I recently put a little color into my life, but apparently I need a whole lot more. When we moved to the small Montana town where we live, we bought a small old building, moved in and went to work since both my husband and I had deadlines. The walls were once white, I think. Then one day I just couldn’t take it anymore.
It is amazing what a little paint did for my mood. Little did I know though just how important those coats of paint were to my mental and physical well-being.
At the time I chose my colors, I didn’t know about Color Psychology. Fortunately, I went with my gut. When I chose “Sombrero” (which turned out to be an orangey terracotta) I didn’t know that orange was a “joyful” color that evokes fun, cheeriness and warm exuberance.
It also apparently relieves feelings of self-pity and lack of self-worth, something every writer I know could use especially on deadline. Orange also, according to chromotherapists, stimulates the mind to find interest in life and lifts the spirits. Hallelujah!
On the downside, orange is believed to increase cravings for food. But you can’t have everything in only one color, right?
My curtains have some orange in them as well. And so does the wall hanging I quilted when I was only dreaming about getting the office painted.
I think I will add more yellow though. It’s said to be an uplifting color and it symbolizes wisdom. I could definitely use some of that as I write.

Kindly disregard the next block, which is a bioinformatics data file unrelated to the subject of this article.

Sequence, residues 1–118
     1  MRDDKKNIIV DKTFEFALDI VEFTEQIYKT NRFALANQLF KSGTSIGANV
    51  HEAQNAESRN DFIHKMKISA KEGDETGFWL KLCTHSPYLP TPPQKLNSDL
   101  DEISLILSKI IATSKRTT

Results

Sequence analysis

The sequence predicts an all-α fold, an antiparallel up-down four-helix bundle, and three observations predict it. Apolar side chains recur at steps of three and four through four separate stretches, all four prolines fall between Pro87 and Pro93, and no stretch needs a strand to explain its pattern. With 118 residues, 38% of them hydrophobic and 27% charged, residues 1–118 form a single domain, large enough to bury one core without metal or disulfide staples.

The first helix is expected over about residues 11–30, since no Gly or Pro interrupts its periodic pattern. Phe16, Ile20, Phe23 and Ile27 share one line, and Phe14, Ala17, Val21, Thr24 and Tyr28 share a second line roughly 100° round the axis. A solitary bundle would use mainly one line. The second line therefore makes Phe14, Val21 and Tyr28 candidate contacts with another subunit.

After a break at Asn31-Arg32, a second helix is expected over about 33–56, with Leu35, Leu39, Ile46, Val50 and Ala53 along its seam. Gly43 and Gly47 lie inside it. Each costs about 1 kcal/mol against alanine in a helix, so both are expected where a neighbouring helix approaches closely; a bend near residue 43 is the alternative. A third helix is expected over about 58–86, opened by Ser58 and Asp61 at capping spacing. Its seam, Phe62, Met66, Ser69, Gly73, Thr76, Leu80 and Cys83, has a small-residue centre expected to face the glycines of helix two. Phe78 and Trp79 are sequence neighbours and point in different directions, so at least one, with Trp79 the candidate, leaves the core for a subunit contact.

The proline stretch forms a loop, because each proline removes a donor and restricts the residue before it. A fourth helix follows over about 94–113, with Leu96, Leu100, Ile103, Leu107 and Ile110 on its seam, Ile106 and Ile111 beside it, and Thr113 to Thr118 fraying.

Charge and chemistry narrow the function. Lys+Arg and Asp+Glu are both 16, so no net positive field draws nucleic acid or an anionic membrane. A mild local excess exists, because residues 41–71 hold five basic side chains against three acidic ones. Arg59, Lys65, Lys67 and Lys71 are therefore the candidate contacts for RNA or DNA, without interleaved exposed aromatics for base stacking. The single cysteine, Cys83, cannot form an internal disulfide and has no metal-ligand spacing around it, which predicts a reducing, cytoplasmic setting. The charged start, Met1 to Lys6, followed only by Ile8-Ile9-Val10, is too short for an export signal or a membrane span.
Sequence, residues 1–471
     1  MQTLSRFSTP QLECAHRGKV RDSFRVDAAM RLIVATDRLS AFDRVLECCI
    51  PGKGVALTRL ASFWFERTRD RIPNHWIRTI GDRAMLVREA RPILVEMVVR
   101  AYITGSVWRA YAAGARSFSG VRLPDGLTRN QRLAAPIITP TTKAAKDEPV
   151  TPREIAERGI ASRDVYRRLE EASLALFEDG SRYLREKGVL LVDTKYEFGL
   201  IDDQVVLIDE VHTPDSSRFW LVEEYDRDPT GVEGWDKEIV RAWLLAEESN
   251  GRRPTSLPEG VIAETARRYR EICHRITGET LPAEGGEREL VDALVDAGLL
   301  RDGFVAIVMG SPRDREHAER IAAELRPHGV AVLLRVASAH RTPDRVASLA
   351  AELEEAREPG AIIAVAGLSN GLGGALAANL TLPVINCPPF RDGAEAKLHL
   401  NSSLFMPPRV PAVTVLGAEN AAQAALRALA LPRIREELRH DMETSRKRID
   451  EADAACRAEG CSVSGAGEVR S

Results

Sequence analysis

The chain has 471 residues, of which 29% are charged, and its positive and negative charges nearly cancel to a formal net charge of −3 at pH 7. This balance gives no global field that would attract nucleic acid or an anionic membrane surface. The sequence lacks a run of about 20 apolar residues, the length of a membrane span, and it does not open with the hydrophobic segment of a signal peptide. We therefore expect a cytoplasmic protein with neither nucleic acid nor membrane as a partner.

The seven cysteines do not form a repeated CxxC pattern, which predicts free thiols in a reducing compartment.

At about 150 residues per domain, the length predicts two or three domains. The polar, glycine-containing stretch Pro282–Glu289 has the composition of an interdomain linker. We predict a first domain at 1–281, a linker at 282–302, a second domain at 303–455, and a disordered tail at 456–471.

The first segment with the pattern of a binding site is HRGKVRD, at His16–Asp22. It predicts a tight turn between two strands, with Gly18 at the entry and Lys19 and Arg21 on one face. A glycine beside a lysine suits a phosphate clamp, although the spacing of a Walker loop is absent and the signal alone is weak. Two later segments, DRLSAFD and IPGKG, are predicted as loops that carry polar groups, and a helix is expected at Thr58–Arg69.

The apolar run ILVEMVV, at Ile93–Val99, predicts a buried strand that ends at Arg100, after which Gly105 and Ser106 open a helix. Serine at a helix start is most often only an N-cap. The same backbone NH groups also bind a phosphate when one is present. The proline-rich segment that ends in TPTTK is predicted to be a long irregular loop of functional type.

I’m glad I didn’t go with green. The last thing I need is a restful color. I have enough trouble staying awake some days. But green is apparently the go-to color when you’re undecided. It’s the color of nature, fertility (definitely don’t need that) and balance. I’m a writer. I have no balance.
Blue is also a calming color. It makes you feel quiet and protected and inspires creativity, clarity and mental control. Dark blue though apparently has a strong sedative effect. Not a good idea for writers since apparently it can also lead to deep depression.
Purple is good for those irrational fears. They use this for psychiatric patients. I’m not going there.
The rest of my office is “Glazed Sugar.” This is probably where the appetite part takes over. I’m glad I didn’t go gray since it is associated with self-criticism. I have enough of
that already. Gray can lead to loneliness too. I spend hours alone in this office as it is.
Red, while a powerful color associated with ambition and vitality, also evokes aggressiveness. Too much red could make me irritated, impatient and uncomfortable. My last office was red. This could explain a lot. Also I think some book reviewers must have red walls, don’t you think?
I’m so glad I’ve discovered color therapy. I can’t wait to find something big and yellow, like Big Bird, to add to my office for the creative and intellectual energy I’m often lacking. Supposedly it will help me think more clearly, make good decisions and come up with new ideas. Wow, I’m going to need a lot of yellow.
So what’s on your walls? And how are you feeling?